|• elevation||1,303 feet (397 m)|
|1,029 feet (314 m)|
|Length||19 miles (31 km)|
|River system||Kennebec River|
The Roach River is a river in Piscataquis County, Maine. From the outlet of Third Roach Pond () in Shawtown (Maine Township A, Range 12, WELS), the river runs 19.1 miles (30.7 km) west, through a chain of ponds. The Flow sequence through the ponds is from the Fourth Roach Pond through the Third Roach Pond, Second Roach Pond, and First Roach Pond to empty into Moosehead Lake, the source of the Kennebec River, in Spencer Bay (T1, R14, WELS). The Seventh Roach Pond drains through the Sixth Roach Pond in a separate tributary to the Third Roach Pond. No fifth Roach Pond is shown on modern maps.
The headwaters of the Roach River, as well as Second Roach Pond, Third Roach Pond, and Fourth Roach Pond, lie on land purchased by the Appalachian Mountain Club in 2009. In 2014, a section of Roach River, which was viewed as essential nursery habitat for young fish, was temporarily dewatered during dam reconstruction on land owned by the Club.
|First Roach Pond|
First Roach Pond
|Location||Piscataquis County, Maine|
|Basin countries||United States|
|Max. length||6.5 mi (10.5 km)|
|Max. width||1.1 mi (1.8 km)|
|Surface area||3,320 acres (1,340 ha)|
|Max. depth||123 feet (37 m)|
|Water volume||176,410 acre⋅ft (217,600,000 m3)|
|Surface elevation||1,227 ft (374 m)|
First Roach Pond is the largest of the Roach Ponds and extends across the north part of Frenchtown Township. Roach River enters the north side of the pond 2 miles (3.2 km) downstream of Second Roach Pond, and overflows a dam at the west end of First Roach Pond 6 miles (9.7 km) upstream of Moosehead Lake. Spawning tributaries Inlet Brook enters the east end of the pond, and Lagoon Brook enters the south shore of the pond near the dam. The pond offers good habitat for lake trout and land-locked Atlantic salmon. Lake whitefish disappeared from the pond in the 1970s, and brook trout populations have been declining since yellow perch became established in the 1990s. The outlet dam is intended to provide a barrier against migration of white perch and smallmouth bass from Moosehead Lake.
|Second Roach Pond|
Second Roach Pond
|Max. length||3.5 mi (5.6 km)|
|Surface area||872 acres (353 ha)|
|Max. depth||46 feet (14 m)|
|Water volume||16,553 acre⋅ft (20,418,000 m3)|
|Surface elevation||1,270 ft (390 m)|
Second Roach Pond extends along the southern edge of Maine township 1, range 12, reaching across the northern border of Shawtown township. Roach River enters the east end of the pond, and overflows through remains of a dam at the west end of the pond. The dam was built for early 20th-century log driving, but use of the dam ceased in 1969, and the remains were washed out in 1983. Summer temperatures in the pond are unfavorable for trout and salmon, and survival of stocked salmon has been poor since whitefish disappeared from the pond in the 1970s. Native rainbow smelt may fare poorly in competition with yellow perch which reached the pond after the dam was abandoned.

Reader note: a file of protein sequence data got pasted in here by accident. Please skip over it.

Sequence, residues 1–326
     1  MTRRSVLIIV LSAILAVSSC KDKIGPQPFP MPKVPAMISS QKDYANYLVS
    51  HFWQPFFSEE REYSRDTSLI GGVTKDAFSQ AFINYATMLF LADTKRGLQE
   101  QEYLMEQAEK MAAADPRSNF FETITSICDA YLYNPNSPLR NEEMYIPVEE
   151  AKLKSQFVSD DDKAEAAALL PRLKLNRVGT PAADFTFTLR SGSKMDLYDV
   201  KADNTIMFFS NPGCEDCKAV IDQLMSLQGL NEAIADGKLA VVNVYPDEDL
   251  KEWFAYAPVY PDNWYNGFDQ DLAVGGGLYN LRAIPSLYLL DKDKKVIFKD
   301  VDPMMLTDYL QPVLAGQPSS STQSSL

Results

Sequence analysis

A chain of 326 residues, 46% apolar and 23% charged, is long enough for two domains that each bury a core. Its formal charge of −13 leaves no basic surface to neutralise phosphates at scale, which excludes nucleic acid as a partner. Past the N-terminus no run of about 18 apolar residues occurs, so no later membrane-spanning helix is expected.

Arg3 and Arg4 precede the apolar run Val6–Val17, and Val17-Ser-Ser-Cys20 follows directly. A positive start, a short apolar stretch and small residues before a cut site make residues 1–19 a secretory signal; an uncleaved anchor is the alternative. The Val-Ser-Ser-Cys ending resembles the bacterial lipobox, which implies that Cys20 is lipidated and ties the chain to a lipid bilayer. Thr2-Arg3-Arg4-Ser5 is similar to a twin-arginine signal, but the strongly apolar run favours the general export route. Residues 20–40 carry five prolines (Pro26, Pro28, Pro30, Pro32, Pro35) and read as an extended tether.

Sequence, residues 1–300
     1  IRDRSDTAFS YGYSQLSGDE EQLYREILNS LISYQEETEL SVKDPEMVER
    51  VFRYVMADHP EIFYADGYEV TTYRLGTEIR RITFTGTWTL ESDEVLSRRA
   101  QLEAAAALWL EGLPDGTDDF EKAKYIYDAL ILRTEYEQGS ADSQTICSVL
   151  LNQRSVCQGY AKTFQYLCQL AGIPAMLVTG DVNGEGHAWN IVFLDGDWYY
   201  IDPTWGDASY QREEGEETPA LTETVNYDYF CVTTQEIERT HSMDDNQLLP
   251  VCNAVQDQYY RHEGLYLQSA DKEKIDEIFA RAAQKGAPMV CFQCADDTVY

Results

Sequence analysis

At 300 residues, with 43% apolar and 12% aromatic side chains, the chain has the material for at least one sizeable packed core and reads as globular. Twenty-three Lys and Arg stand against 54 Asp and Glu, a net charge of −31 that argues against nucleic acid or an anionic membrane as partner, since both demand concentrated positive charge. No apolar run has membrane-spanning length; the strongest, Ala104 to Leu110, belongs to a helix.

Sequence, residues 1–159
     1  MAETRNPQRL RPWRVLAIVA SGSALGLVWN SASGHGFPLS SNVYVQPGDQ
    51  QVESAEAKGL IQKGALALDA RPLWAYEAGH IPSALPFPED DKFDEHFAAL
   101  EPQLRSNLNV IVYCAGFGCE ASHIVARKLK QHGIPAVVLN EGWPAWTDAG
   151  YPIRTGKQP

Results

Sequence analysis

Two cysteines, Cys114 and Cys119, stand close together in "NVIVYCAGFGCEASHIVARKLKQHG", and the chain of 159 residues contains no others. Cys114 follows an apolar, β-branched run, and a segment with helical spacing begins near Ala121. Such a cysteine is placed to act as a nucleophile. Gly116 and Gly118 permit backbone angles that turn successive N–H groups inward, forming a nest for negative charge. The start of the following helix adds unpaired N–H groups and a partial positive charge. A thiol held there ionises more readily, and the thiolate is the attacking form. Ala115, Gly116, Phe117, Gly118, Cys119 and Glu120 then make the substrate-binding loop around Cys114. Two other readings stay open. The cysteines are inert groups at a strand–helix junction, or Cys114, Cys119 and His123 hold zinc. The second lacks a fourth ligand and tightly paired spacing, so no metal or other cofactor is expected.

|Third Roach Pond|
Third Roach Pond
|Max. length||1.9 mi (3.1 km)|
|Surface area||554 acres (224 ha)|
|Max. depth||26 feet (7.9 m)|
|Water volume||6,664 acre⋅ft (8,220,000 m3)|
|Surface elevation||1,303 ft (397 m)|
Third Roach Pond is in eastern Shawtown township. Roach River overflows the northwest end of the pond 1.5 miles (2.4 km) upstream of Second Roach Pond. Summer water temperatures are unfavorable for native trout which do poorly in competition with introduced yellow perch; but the Maine Department of inland Fisheries and Wildlife has stocked the pond with salmon, and a few splake may reach the pond from the adjacent Fourth Roach Pond.
|Fourth Roach Pond|
Fourth Roach Pond
|Max. length||1.1 mi (1.8 km)|
|Surface area||248 acres (100 ha)|
|Max. depth||40 feet (12 m)|
|Water volume||3,548 acre⋅ft (4,376,000 m3)|
|Surface elevation||1,302 ft (397 m)|
Fourth Roach Pond is west of and adjacent to Third Roach Pond in eastern Shawtown township. The two ponds are connected by a short narrows and maintain similar water elevation. Summer water temperatures are unfavorable for native trout which do poorly in competition with introduced yellow perch; but the Maine Department of Inland Fisheries and Wildlife stocks the pond with splake.
The 40-acre (16 ha) Sixth Roach Pond is only 4 feet (1.2 m) deep and provides marginal trout habitat in comparison to thriving hornpout and white sucker. Sixth Roach Pond overflows into Third Roach Pond 500 yards (460 m) to the south, and receives drainage from Seventh Roach Pond 1 kilometre (1,100 yd) to the east in Maine township A, range 11. The 33-acre (13 ha) Seventh Roach Pond is 10 feet (3.0 m) deep and white sucker keep the pond turbid by feeding on the muddy bottom. Summer temperatures are unfavorable for brook trout, but a few move into the pond from tributaries.